Retriever Weekly, September 16, 2003

Behind the Scenes
UMBC’s Anne Brodsky Tells the Story of Afghan Women

By Charles Rose
Retriever Weekly Guest Writer

In the two years since the horrific attacks of Sept. 11 and the ensuing American invasion of Afghanistan, the world’s attention has shifted away from the plight of the Afghan people, who have been ravaged by decades of war. But even before Sept. 11, Anne Brodsky, an associate professor of psychology and affiliate professor of women’s studies at UMBC, was already risking her life to tell the story of Afghan women under the oppression of the Taliban and other fundamentalist Islamic factions and she continues that fight today.

Brodsky’s research background studying the resilience of women and the role of communities in resisting societal risks such as violence, poverty and racism led to her current work with the Revolutionary Association of the Women of Afghanistan (RAWA).

RAWA is a humanitarian and political women’s organization that has operated clandestinely in Afghanistan and Pakistan for the past 26 years. Brodsky has been working with the group for over three years to help raise awareness of the plight of women who still risk their lives when they stand up for basic freedoms like going to school, having a job, wearing modern clothes, and being able to leave the house unescorted by a male.

As part of these efforts, Brodsky has traveled to underground girls’ schools, orphanages and refugee camps in Afghanistan and Pakistan. She has risked her life ? both from the dangers facing a Western woman in areas controlled by fundamentalist groups, and from the ongoing fighting and unexploded landmines and ordnance that litter the countryside.

Recent news items have underscored the relevance of Brodsky’s work: a report released this summer by Human Rights Watch detailed how women are still being raped and attacked by Afghan warlords outside of Kabul and a Newsweek story noted the post Sept. 11 rise in domestic violence in American Muslim families.

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With All Our Strength:
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By Anne E. Brodsky

Even worse is the apparent resurgence of the Taliban, who have launched several recent attacks on Afghan border police and girls’ schools from just across the Pakistan border, a development that doesn’t surprise Brodsky.

"While schools for girls have reopened, only about 32 percent of the students who returned were girls," she says. "Girls’ schools have been fire bombed and threatened; and forced marriages, imprisonment of girls and women for attempting to escape abusive marriages, forced medical chastity tests and other extreme forms of oppression are ongoing, thus RAWA’s activities and message are still urgently needed."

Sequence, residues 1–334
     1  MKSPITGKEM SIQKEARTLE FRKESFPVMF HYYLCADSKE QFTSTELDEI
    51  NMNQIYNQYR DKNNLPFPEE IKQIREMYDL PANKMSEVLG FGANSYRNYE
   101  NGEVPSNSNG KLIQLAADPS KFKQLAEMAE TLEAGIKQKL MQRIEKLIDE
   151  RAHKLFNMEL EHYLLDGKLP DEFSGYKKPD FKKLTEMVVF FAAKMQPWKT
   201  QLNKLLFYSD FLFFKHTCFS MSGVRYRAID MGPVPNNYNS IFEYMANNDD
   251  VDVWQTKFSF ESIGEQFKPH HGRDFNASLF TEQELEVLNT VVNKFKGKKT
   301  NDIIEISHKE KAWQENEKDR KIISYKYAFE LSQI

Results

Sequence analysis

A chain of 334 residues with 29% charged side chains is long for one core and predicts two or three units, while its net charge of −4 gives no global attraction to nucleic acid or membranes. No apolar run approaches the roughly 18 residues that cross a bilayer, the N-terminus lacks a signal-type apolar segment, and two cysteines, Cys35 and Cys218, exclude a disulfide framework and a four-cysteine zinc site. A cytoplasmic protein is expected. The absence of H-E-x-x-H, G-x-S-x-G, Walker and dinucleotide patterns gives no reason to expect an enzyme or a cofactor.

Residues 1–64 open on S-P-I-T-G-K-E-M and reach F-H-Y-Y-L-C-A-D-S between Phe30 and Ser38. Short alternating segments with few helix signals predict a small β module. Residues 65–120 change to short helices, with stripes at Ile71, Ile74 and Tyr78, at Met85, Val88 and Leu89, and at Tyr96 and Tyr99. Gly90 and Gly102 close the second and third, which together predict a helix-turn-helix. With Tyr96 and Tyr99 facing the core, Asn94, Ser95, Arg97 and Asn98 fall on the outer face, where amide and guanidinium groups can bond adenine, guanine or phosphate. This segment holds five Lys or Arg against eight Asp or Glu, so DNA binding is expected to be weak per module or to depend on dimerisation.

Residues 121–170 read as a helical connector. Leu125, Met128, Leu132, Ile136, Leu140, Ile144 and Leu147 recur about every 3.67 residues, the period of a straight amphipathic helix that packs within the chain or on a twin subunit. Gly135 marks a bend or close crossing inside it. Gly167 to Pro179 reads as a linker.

Since Sept. 11, Brodsky has continued her research through multiple trips to the region and by helping to bring members of RAWA to the United States and UMBC to tell their stories. Earlier this year, Brodsky published a book about RAWA and her experiences with the group, With All Our Strength: The Revolutionary Association of the Women of Afghanistan (Routledge).

Publisher’s Weekly described With All Our Strength as "Groundbreaking...The first writer with in-depth access to RAWA, Brodsky writes a passionate narrative...[S]tands out as a lone and important study of a remarkable organization." Ahmed Rashid, author of Taliban, calls it "A powerful story."

Brodsky will never forget her five months in the field with the brave women of RAWA. "I gained a much deeper understanding and appreciation for their struggle, and was able to record the in-depth stories of real people’s lives under so many years of oppression, war and trauma," she says. "But more than being victims, RAWA has empowered women, children and men to use education as a tool to fight for democracy, freedom, human rights and peace."

According to Brodsky, the fight for democracy and human rights in Afghanistan is far from over. "RAWA remains a threatened group for their outspoken opposition to the oppression of women and all democratically minded people that continue under the current, warlord dominated government," she says. "They fervently hope that the rest of the world will continue to support them and will not, once again, turn their backs on the long suffering people of Afghanistan."

Brodsky’s work on behalf of women at UMBC and beyond was recognized with the 2003 award from the President’s Commission for Women, one of several presented at UMBC’s 37th Anniversary Opening.

Article originally published in Insights Weekly.

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